U.S. lawmakers have reached agreement with the White House on legislation to renew the anti-terrorism law known as the Patriot Act.
The sisters say the monastery's main bank account was frozen without explanation, creating financial headaches. The Patriot Act was the cause. The troubles started because a 80-year-old nun didn't have her SS number and photo ID on file.
Twice in the past 4 years, a top Justice Department lawyer warned the presiding judge of a secret surveillance court that information overheard in President Bush's eavesdropping program may have been improperly used to obtain wiretap warrants in
Yahoo Inc. provided evidence to Chinese authorities that led to the imprisonment of an Internet writer, its second such case. A spokeswoman for Yahoo said the company was looking into the matter. "As in most jurisdictions, governments are not
Representative Heather A. Wilson (R-NM), chairwoman of the House Intelligence Subcommittee on Technical and Tactical Intelligence, said she had "serious concerns" about the surveillance program. By withholding information about its operatio
NSA surveillance may have inadvertently spied on the e-mails of Americans with no ties to terrorists, Attorney General Gonzales said. Adequate steps are taken to protect privacy but he is unable to describe such procedures because it is secret
A request by Mr. Gonzales produced the Justice Department memorandum of Aug. 1, 2002, which defined torture narrowly and said that Mr. Bush could circumvent domestic and international prohibitions against torture in the name of national security.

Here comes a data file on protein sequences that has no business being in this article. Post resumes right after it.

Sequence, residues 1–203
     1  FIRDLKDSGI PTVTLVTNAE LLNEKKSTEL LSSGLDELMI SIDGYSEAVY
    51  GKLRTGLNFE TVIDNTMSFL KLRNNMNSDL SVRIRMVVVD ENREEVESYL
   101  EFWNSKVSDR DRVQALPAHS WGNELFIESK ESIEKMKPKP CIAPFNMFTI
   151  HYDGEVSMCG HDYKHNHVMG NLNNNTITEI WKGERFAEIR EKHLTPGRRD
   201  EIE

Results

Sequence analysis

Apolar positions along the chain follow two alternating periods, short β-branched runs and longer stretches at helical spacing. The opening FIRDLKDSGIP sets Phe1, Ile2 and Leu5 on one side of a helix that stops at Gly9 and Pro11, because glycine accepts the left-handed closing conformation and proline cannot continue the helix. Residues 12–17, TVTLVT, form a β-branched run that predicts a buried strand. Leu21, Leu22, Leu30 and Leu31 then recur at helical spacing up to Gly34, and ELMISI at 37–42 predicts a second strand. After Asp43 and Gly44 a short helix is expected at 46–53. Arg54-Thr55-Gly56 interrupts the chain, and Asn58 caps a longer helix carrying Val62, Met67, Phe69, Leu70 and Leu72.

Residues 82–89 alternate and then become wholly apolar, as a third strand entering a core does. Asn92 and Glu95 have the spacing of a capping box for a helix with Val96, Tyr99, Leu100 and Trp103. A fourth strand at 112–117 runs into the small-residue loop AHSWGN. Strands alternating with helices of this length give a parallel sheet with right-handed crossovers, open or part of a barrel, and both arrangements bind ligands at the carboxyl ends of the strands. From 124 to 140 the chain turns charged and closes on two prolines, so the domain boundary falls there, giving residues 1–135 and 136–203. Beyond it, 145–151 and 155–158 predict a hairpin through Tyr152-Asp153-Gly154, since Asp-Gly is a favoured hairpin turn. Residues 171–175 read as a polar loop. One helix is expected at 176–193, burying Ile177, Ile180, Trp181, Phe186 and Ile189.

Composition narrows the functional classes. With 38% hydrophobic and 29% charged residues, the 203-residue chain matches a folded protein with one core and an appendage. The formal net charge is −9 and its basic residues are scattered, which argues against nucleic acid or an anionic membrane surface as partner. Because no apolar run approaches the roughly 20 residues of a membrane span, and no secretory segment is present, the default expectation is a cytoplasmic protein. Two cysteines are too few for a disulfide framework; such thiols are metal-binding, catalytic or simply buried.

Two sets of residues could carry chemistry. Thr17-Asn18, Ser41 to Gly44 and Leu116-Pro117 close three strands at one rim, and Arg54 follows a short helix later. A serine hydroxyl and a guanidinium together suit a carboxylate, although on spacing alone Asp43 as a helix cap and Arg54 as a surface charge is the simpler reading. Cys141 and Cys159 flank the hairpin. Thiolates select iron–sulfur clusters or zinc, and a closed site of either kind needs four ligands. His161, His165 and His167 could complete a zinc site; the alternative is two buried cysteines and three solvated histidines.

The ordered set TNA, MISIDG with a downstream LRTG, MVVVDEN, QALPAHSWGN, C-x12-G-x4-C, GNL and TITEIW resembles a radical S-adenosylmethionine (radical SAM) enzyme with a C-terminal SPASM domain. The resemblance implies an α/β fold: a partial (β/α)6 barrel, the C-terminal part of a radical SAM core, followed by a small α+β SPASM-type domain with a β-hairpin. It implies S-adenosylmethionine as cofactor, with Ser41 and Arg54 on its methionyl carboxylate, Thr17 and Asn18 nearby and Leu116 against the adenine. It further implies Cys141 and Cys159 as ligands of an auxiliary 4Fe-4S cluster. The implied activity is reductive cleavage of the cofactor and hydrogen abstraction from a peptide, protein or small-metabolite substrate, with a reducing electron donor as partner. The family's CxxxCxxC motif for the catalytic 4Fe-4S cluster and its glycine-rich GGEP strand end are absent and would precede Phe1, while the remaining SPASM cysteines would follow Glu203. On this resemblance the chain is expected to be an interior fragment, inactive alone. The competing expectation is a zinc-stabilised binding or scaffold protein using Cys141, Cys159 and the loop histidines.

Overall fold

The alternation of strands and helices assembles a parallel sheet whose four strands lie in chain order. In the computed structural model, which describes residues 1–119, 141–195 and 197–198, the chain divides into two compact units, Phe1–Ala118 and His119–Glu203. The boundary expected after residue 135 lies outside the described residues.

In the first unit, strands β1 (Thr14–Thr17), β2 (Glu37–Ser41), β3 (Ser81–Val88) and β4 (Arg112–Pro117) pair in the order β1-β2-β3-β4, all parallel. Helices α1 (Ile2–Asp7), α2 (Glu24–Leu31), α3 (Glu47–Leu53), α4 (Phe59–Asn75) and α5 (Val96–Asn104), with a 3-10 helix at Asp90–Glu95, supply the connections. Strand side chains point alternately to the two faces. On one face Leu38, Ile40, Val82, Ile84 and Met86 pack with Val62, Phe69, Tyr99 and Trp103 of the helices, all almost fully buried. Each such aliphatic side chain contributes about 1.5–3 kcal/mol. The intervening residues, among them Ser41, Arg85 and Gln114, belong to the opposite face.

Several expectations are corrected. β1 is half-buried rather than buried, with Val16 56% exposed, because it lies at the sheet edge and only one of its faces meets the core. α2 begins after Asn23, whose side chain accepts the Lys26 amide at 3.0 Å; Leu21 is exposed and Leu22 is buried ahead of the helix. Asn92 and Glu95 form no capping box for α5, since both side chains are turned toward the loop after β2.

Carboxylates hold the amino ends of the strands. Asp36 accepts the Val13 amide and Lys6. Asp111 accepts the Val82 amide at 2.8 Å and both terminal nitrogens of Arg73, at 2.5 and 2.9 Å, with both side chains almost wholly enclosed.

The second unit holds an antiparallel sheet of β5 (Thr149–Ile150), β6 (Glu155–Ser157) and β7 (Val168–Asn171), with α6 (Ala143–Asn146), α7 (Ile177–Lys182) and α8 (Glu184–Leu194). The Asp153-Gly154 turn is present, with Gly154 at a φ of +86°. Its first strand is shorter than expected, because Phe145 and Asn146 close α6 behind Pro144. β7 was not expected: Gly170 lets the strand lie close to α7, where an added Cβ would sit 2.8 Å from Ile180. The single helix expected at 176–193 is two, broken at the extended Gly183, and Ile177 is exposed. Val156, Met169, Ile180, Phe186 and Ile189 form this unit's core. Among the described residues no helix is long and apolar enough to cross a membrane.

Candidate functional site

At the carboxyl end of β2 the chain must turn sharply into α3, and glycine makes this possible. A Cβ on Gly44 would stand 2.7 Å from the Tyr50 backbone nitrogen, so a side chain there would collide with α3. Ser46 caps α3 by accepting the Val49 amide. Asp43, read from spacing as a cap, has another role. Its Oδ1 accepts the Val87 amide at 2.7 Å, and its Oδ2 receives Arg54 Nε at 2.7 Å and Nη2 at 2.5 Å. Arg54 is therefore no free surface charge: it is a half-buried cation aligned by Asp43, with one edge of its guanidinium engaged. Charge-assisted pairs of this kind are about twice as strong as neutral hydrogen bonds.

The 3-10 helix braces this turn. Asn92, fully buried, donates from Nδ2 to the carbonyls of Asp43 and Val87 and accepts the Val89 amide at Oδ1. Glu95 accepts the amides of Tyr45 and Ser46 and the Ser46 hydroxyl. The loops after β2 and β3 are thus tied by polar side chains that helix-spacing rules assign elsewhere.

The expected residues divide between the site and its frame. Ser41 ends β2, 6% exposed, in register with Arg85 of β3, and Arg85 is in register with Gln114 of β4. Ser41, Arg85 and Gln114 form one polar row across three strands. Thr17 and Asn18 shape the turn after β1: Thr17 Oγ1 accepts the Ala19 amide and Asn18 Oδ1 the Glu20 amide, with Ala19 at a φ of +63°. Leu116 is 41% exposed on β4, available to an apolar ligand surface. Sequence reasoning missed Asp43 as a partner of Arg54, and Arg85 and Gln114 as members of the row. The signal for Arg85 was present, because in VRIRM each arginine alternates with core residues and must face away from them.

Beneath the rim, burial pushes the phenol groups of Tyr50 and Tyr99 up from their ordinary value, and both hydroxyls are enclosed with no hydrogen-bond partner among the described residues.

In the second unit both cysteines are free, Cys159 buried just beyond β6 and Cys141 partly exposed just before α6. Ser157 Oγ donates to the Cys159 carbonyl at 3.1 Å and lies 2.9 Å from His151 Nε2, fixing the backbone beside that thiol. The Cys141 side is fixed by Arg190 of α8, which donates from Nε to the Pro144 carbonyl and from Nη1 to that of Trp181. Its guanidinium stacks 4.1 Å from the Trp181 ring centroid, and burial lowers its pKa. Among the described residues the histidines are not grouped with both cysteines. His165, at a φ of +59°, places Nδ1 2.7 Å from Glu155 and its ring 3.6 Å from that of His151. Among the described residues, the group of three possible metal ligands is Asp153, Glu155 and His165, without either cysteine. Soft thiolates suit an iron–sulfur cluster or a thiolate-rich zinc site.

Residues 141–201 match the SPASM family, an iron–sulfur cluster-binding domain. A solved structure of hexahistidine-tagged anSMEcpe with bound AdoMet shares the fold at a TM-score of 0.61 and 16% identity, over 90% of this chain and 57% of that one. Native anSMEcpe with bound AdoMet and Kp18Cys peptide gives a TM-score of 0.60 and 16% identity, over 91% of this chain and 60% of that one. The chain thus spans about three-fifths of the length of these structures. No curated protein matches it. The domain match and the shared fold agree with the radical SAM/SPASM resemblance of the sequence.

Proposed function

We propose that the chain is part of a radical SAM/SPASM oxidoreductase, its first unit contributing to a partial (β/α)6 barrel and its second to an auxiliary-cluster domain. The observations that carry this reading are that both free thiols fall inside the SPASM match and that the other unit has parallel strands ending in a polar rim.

The Senate Judiciary Committee will begin hearings on the power claimed by President Bush to conduct warrantless electronic surveillance. The Bush Administration has thrown a lot of spurious arguments up against the wall to see if anything will stic
[Who will rid me of this meddlesome priest?] A Justice Department official suggested that in certain circumstances, the president might have the power to order the killing of terrorist suspects inside the United States.
Intelligence officers who eavesdropped on thousands of Americans in overseas calls under authority from President Bush have dismissed nearly all of them as potential suspects after hearing nothing pertinent to a terrorist threat
The Republican chairman of the Senate intelligence committee endorsed President Bush's domestic surveillance program and said the White House was right to inform only a handful of lawmakers about its existence.
"The president is acting within his authority; he was legitimate in what he did," Sen. Jeff Sessions (R-AL) said. "What he did was legal and reasonable and necessary." Members of the committee should not politicize a sensitive iss
Thousands of federal, state and local law enforcement officers have descended on Detroit to cast a security net over Super Bowl XL in one of the largest such efforts in U.S. history. Some Canadian border enforcement officers have been deputized
The 24th Expeditionary Unit will conduct urban warfare training during February and March to prepare for a possible deployment.
The NSA's secret domestic spying hasn't nabbed any Al Qaeda agents in the US, FBI Director Robert Mueller told Congress. Mueller said his agents get "a number of leads," but Osama Bin Laden's henchmen weren't at the end of t